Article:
Other notable performances were from Independent Danny Stupple who earned a creditable fifth place, no doubt by ensuring that his 768 friends turned out to vote. I was surprised to see Iain Maclennan from the National Health Action Party taking only 394 votes – an indication perhaps that, however much the public identify with an issue, there is little appetite for single issue parties.  Finally it’s worth pointing out that the Monster Raving Loony Party and the Elvis Loves Pets Party finished ahead of the English Democrats, which points to another effect of UKIP’s increasing popularity – the demise of the right wing “patriotic” vote.

Eastleigh was a by-election victory for the Liberal Democrats and it is one that we should rightly enjoy, congratulate ourselves for and learn the lessons from.  Fortunately the shadows cast by Huhne and Rennard, while ultimately having some effect, far from derailed our campaign.  From reports I’ve heard from activists in Eastleigh, it seems that (for Lib Dems at least) the by-election was a return to the old days: a positive campaign, a determination to win against the odds, an opportunity to sell ourselves on the national level by our performances locally and, by no means least, campaigners coming together from across the UK to work together.  If Eastleigh can give Liberal Democrats reason to feel good about themselves, then that is surely no bad thing.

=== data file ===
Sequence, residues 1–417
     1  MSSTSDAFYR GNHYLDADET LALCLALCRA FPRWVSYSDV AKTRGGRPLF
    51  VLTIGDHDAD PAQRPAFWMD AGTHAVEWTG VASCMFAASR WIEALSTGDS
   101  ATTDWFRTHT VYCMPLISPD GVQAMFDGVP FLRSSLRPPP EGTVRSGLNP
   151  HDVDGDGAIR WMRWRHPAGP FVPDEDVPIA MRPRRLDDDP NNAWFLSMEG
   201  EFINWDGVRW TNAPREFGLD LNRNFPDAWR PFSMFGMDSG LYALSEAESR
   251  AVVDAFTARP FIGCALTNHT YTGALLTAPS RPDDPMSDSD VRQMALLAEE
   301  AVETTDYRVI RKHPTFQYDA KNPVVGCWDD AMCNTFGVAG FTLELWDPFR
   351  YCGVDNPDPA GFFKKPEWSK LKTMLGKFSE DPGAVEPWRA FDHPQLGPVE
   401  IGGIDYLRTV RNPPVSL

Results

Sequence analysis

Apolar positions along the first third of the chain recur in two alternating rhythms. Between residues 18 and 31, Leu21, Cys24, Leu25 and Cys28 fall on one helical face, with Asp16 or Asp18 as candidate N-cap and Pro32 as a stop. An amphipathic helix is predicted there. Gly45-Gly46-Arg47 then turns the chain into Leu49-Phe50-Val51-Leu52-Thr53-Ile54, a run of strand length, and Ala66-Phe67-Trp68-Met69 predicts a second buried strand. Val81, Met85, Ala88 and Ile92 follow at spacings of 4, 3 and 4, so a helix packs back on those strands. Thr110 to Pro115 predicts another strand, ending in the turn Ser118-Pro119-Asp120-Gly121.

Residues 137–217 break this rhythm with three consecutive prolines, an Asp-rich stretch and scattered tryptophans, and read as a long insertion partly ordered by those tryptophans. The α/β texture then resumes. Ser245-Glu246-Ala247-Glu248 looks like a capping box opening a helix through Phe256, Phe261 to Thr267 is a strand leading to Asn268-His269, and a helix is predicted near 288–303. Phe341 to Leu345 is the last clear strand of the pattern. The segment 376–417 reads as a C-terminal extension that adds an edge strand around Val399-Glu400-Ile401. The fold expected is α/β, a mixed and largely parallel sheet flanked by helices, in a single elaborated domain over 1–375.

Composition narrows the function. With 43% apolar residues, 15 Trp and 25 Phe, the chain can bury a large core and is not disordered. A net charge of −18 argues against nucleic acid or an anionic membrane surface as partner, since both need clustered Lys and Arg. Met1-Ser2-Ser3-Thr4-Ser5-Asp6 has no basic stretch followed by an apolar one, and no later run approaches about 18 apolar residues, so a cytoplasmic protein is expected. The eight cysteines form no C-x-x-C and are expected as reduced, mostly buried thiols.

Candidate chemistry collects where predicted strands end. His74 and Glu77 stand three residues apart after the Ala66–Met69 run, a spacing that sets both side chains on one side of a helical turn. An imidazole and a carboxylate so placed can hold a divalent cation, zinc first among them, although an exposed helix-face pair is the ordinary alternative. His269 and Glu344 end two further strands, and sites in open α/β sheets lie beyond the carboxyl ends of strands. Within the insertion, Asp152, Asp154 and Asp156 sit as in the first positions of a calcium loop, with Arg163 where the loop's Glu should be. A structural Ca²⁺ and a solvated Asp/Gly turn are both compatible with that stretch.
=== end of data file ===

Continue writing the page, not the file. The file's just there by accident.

However, there are wider lessons we must learn from the by-election .  Victory cannot be allowed to disguise the fact that our share of the vote fell dramatically, that UKIP pose is very real dangers and that, away from the relatively friendly environs of Eastleigh, the challenge of reconnecting with voters is both immense and urgent.  Now the by-election is over, we as activists must turn our attentions to that challenge with renewed vigour.

Finally, I would like to wish our new MP Mike Thornton every success in his new role.  I trust he will bring something positive and fresh to the parliamentary party and that he will serve his constituents well beyond 2015.

1 comment:

Anonymous said...

Another lesson may be that being boring is now a prerequisite to being selected as a LibDem candidate. You say that the party played safe but that is a very mild criticism. You should have lambasted the complete lack of ambition.